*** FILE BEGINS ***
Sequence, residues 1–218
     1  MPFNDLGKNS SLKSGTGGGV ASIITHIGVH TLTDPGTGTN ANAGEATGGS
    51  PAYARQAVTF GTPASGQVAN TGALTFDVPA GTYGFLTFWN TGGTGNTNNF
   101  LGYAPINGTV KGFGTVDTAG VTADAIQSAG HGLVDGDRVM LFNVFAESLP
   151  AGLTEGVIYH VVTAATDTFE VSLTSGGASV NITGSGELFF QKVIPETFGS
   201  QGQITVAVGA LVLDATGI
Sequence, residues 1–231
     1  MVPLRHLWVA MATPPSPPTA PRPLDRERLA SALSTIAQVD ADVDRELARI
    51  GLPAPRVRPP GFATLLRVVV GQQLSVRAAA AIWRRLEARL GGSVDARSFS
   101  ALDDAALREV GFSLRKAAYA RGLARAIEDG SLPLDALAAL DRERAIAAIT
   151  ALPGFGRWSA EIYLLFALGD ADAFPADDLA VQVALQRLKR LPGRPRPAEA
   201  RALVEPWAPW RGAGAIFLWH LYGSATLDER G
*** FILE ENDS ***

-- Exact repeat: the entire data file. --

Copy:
Sequence, residues 1–218
     1  MPFNDLGKNS SLKSGTGGGV ASIITHIGVH TLTDPGTGTN ANAGEATGGS
    51  PAYARQAVTF GTPASGQVAN TGALTFDVPA GTYGFLTFWN TGGTGNTNNF
   101  LGYAPINGTV KGFGTVDTAG VTADAIQSAG HGLVDGDRVM LFNVFAESLP
   151  AGLTEGVIYH VVTAATDTFE VSLTSGGASV NITGSGELFF QKVIPETFGS
   201  QGQITVAVGA LVLDATGI
Sequence, residues 1–231
     1  MVPLRHLWVA MATPPSPPTA PRPLDRERLA SALSTIAQVD ADVDRELARI
    51  GLPAPRVRPP GFATLLRVVV GQQLSVRAAA AIWRRLEARL GGSVDARSFS
   101  ALDDAALREV GFSLRKAAYA RGLARAIEDG SLPLDALAAL DRERAIAAIT
   151  ALPGFGRWSA EIYLLFALGD ADAFPADDLA VQVALQRLKR LPGRPRPAEA
   201  RALVEPWAPW RGAGAIFLWH LYGSATLDER G